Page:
Dan Magazu, FSU’s director of communications and the chair of the Commencement Committee, said, “We got feedback from a broader group of seniors, who also expressed interest in that theme, so she really fits in well, from everything I've heard. She's an incredible speaker. She does a lot of talks. So I'm really excited to have her.”

The Commencement Committee is comprised of students, staff, and faculty as well as an alumni representative. The student members are usually class officers. Ryanna Coelho and Rafaat Elkoury were two of the students on the committee, according to Magazu. 

“It was actually Ryanna who knew about Dr. AMC and recommended her, so that was exciting because I always like the students to lead the process since it's their class. It's their speaker,” he said.

According to Magazu, the faculty members were Kelly Matthews from the English Department, Kelly Kolodny from the Education Department, Peter Chisholm in Government Relations, Deb Clevland an Alumni Representative and Meg Larkin in Student Experience.

The selection process typically begins early in the fall semester, said Magazu.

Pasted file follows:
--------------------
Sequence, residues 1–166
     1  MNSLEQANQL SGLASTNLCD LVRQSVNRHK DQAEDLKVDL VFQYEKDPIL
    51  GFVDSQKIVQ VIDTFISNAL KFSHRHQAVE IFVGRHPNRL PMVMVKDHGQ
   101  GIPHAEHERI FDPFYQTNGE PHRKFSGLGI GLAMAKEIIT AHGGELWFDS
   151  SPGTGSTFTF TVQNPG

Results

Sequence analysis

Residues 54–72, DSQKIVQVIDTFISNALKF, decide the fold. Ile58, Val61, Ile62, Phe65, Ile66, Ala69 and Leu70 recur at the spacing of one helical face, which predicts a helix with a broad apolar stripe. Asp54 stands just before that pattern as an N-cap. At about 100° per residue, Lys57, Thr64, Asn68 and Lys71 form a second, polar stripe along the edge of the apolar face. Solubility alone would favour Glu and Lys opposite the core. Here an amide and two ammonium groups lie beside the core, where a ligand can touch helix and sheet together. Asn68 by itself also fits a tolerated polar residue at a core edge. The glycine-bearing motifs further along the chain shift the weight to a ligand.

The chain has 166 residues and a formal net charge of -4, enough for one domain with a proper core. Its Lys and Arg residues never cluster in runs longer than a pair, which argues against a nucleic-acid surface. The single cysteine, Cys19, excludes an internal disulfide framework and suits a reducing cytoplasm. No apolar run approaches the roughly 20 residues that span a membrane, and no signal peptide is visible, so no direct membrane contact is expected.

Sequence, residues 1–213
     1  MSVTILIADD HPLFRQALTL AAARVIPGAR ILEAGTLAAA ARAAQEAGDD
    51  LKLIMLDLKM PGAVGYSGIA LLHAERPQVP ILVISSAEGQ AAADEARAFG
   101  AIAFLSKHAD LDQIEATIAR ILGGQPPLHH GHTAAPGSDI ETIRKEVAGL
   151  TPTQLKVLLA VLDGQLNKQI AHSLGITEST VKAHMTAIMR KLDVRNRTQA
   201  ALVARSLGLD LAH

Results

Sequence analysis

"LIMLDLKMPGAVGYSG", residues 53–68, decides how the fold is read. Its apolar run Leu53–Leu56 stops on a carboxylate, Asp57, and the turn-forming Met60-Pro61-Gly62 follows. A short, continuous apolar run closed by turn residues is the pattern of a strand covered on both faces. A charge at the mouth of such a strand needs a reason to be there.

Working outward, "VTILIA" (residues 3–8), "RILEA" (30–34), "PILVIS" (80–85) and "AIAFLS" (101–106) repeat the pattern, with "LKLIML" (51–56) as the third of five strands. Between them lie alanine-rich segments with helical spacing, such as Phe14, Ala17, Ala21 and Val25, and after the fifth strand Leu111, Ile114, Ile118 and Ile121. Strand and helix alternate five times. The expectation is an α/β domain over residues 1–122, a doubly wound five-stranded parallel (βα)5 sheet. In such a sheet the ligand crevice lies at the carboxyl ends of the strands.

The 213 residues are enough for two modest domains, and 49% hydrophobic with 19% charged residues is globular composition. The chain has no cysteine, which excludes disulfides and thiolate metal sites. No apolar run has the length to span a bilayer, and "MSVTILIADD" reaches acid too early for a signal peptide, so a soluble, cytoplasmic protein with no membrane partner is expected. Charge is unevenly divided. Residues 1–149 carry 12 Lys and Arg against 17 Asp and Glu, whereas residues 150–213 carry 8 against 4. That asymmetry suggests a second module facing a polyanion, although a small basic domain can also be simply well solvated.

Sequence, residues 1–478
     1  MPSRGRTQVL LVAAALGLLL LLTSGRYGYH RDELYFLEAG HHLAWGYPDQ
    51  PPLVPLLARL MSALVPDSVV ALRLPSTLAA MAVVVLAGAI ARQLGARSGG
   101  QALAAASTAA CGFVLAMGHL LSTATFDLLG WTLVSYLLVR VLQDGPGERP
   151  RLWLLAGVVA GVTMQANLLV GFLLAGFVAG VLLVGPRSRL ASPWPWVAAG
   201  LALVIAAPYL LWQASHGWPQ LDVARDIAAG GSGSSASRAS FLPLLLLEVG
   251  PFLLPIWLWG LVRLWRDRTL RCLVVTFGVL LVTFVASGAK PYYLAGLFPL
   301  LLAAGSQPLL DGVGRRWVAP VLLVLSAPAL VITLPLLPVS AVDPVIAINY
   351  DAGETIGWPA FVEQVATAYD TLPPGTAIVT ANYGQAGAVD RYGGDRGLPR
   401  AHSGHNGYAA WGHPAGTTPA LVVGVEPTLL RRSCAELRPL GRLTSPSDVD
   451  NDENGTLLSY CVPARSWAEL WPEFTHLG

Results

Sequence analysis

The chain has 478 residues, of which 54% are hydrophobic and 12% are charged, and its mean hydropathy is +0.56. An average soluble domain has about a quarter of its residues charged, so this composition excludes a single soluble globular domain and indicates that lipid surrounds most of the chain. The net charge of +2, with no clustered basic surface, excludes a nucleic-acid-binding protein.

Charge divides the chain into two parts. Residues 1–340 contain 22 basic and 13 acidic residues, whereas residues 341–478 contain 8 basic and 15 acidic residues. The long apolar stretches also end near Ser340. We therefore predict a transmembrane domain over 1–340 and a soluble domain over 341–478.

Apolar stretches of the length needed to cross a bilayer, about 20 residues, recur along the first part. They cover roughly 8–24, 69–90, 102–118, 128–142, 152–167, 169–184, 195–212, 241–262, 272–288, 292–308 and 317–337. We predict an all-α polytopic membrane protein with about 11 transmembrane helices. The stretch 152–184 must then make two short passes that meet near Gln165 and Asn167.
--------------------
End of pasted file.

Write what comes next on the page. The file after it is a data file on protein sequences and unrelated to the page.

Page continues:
He said he provides a list of past proposed Commencement speakers and asks members of the committee to bring ideas of their own to the initial meeting.

Then they create a Google doc, “where we put in potential speakers with videos of them speaking and then we'll come back and meet again. Usually, I'll ask EXP to send out a survey to the senior class. 

“We add any ideas that come in through that to our list. And then basically, it's just a narrow down process. We try to narrow our list down to 10 names, and then we vote as a committee,” Magazu said.

This ranked list is then presented to the president to be approved - with Magazu reaching out to the speaker to extend the proposal.

Moreland-Capuia said her “one-woman mission is to educate the masses on what they can do from where they sit, to prevent needless suffering.”

She added, “I believe that everybody can play a role in healing and creating healing conditions. There's a role for the community member. There's a role for the doctor. There's a role for the parent. There's a role for a student. There's a role for administrators. There's a role for professionals.

“Everybody has a role that they can play when they feel equipped with the tools and the knowledge and they know how they can contribute.”